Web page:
Reviews & Profiles
What it Means To... Be addicted to drugs
Posted Wednesday, January 23 2013 at 00:00
That substance abuse happens in Uganda is a fact. However, individuals coming out to admit that they do it are rare. A 40-year-old man breaks the silence and tells his experience with substance abuse for half of his life.
I battled substance abuse for 20 years. I made 40 years this year and I’m still trying to pick up the pieces of my life. How I ended up like this, is a question I cannot answer, but what I know is I have been abusing substances for a long time.
When it started
It all dates back to sometime in 1977 when my father was posted to Belgium on diplomatic service. Naturally, this came with an entertainment allowance because we had to host guests from time to time. I started drinking from home gradually and when I joined peer groups, it just spiralled out of control. This is where my journey with substance abuse started because I started drinking at a very young age during some of these parties.
We got invited for parties by other embassies and being the large family that we were, our father usually chose me and my sister to represent the rest. This came with a lot of questions from the other mothers at these parties who kept on asking how the other siblings were. I was often shy and didn’t like answering, so I drank to get rid of that shyness. By the time we got back to Uganda 10 years after, I had a very fine taste for alcohol.
It got worse
This only got worse when I joined Senior One in 1988. At that time, there was a prominent bar for the youth called the Cave located where Kampala Coaches presently park. I went there more often and drank alcohol progressively.
At school I met knew friends who introduced me to weed or marijuana. I loved reggae music so much at that time, and it was a cool thing back then. We idolised the reggae musicians and their culture which involved taking weed. I smoked it every day at school and it went on from bad to worse.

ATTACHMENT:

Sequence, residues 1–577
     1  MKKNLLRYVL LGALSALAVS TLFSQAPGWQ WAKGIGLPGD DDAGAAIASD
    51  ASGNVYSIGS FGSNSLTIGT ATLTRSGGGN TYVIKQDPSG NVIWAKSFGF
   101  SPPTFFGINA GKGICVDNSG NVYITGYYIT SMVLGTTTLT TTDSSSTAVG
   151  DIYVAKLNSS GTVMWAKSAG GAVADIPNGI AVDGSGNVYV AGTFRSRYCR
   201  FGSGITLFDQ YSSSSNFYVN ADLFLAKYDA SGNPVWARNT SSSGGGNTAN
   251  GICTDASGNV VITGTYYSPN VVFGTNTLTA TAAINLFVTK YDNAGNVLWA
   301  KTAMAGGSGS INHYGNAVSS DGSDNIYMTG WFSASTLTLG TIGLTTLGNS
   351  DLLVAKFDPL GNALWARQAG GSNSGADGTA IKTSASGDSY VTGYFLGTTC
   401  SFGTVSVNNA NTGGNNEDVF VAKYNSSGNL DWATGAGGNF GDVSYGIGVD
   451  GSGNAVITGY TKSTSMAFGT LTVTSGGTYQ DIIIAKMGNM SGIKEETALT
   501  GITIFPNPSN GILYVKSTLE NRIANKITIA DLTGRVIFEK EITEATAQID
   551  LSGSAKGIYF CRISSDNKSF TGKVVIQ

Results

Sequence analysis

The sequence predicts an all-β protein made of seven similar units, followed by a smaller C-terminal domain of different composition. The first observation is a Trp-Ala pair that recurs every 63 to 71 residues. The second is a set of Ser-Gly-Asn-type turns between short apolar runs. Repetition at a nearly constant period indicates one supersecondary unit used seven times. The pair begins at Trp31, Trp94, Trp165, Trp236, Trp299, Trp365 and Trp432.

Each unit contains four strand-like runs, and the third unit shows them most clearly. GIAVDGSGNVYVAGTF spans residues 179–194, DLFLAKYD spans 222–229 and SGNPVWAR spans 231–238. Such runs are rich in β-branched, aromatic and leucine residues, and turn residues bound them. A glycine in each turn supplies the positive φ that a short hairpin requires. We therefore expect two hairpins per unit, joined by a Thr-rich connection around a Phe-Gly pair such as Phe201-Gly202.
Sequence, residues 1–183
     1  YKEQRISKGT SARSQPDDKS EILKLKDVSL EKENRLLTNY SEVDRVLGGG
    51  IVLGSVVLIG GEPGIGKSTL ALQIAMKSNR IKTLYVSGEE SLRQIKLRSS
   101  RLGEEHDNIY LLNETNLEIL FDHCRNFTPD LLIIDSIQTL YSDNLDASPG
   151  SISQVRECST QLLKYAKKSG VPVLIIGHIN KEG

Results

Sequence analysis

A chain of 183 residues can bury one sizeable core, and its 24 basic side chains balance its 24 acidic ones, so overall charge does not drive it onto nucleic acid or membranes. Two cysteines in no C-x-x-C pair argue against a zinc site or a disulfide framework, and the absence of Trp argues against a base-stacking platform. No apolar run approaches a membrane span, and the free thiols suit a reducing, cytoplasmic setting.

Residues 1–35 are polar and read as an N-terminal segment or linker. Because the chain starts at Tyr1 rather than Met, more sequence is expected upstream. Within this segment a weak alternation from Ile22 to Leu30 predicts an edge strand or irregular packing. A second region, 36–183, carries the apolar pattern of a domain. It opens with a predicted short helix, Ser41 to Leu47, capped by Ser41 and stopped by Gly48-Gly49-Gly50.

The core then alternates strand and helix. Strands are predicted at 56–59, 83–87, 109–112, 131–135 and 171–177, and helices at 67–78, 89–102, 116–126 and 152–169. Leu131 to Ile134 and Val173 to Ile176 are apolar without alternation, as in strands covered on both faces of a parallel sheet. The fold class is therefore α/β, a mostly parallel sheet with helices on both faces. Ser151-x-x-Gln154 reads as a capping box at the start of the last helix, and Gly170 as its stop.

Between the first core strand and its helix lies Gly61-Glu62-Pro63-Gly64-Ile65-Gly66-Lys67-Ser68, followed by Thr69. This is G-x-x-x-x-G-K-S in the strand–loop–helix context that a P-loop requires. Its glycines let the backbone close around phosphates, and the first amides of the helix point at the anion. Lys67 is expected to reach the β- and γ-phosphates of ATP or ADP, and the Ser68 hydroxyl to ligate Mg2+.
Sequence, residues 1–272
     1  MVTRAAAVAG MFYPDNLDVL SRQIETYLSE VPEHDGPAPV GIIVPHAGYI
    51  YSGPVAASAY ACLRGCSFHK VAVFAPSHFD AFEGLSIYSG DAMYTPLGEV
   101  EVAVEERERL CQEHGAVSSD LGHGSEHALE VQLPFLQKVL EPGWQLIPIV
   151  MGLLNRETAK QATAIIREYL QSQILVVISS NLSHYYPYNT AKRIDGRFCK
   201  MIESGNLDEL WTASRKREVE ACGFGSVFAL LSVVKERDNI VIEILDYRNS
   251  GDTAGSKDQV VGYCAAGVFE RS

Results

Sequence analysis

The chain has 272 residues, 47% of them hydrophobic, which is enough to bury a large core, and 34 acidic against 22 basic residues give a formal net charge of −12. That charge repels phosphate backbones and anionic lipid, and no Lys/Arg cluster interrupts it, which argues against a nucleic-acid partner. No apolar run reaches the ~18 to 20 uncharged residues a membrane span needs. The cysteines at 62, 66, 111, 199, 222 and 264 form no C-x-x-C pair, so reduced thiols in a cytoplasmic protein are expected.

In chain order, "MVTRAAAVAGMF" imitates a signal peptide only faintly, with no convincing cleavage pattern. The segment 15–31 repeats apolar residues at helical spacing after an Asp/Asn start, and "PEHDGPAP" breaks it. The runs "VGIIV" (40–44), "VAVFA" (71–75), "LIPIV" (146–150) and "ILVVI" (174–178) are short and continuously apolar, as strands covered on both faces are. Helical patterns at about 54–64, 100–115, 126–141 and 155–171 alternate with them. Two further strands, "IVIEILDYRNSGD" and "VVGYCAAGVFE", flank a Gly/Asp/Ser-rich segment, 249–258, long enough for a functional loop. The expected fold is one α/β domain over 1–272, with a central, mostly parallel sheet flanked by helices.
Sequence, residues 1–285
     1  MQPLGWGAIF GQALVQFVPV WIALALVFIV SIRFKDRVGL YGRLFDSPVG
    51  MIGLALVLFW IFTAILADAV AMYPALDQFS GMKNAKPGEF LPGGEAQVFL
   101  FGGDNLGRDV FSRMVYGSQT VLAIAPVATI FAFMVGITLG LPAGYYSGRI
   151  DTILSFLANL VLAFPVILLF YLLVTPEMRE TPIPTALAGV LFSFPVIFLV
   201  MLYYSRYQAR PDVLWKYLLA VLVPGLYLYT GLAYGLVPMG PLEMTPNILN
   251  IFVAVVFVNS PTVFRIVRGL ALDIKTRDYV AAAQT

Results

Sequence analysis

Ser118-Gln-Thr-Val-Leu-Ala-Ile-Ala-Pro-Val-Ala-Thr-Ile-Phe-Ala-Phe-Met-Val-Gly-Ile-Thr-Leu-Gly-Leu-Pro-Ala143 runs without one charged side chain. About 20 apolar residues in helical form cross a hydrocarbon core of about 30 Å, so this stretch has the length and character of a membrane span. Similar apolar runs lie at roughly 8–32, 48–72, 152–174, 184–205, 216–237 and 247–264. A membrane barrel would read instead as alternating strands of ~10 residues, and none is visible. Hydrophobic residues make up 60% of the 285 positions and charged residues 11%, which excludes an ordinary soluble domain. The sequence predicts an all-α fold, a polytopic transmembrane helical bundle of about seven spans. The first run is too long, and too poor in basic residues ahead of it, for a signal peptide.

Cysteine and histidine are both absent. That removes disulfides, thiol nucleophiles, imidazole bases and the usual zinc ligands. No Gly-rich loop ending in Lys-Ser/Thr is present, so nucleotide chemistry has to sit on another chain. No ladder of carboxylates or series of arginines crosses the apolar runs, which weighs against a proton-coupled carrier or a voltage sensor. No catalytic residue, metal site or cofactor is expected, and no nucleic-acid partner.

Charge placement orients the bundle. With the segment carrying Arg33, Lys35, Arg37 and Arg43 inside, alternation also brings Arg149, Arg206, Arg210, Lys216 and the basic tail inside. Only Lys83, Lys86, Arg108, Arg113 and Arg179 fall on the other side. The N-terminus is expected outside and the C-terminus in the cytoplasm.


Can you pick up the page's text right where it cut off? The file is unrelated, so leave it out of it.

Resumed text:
I had friends who supplied us with the marijuana on a daily basis, some of them experimented with a lot of drugs and at some point sniffed even aviation fuel, and glue but I did not indulge so much in that because it was a very crude way of getting high.
My academics suffered so much because of drinking and I would dodge school to be in bars. I took a sabbatical of one year from school because of substance abuse.
By 1990, I realised that I had a problem with alcohol because I was totally hooked. I knew my life had taken a turn but didn’t do much about it. I got back to school again in 1993 but it was not long before I dropped out again and never went back.
Some of the most interesting people I met were drug addicts and drunkards. Most of my friends were drunkards so it was cool to hang around them, but I had friends who disregarded my substance abuse and they segregated me. I could only hang out with them when I was sober.
Generally, when you are high on such substances, you lose your inhibition, I started to have temper tantrums and sex with multiple partners repeatedly. There are women that you would never give a second glance, but I slept with all of them. It became a repeat cycle. One time I slept with a friend’s girlfriend well knowing that he was HIV positive. He passed on a few months after and this was a wakeup call for me. I did lots of things that could have cost me my life.
It was after that incident that I tried to quit drinking, but each time I tried I would get serious withdrawal symptoms. I would get back to drinking.
I could not maintain a relationship let alone hold a job. I spent most of the money that I could have used to buy an asset on alcohol. There are many times I put a drink over an appointment.
An addict is the most selfish person ever, we tend to put ourselves over others. My family took a lot of heat for my addiction. Most of my family hopes laid on me. I was a bright student but I let them down. A task at home would be put on hold, waiting for me to sober up. My siblings who were born again Christians prayed and the rest just hoped that I could change some day.
I want to believe that my family did not give up on me, but on many occasions they wondered when I would stop.
First attempt at getting help
One night, I bought alcohol and for some reason, I held on to the bottle. I reached home, slept and woke up with the same bottle in my hands. I woke up and found my little brother staring at me. The look on his face has never left my memory. I could see so many things in that look, hopelessness, despair, sadness and anger all at once. In my heart I wondered whether he thought I was a lost cause.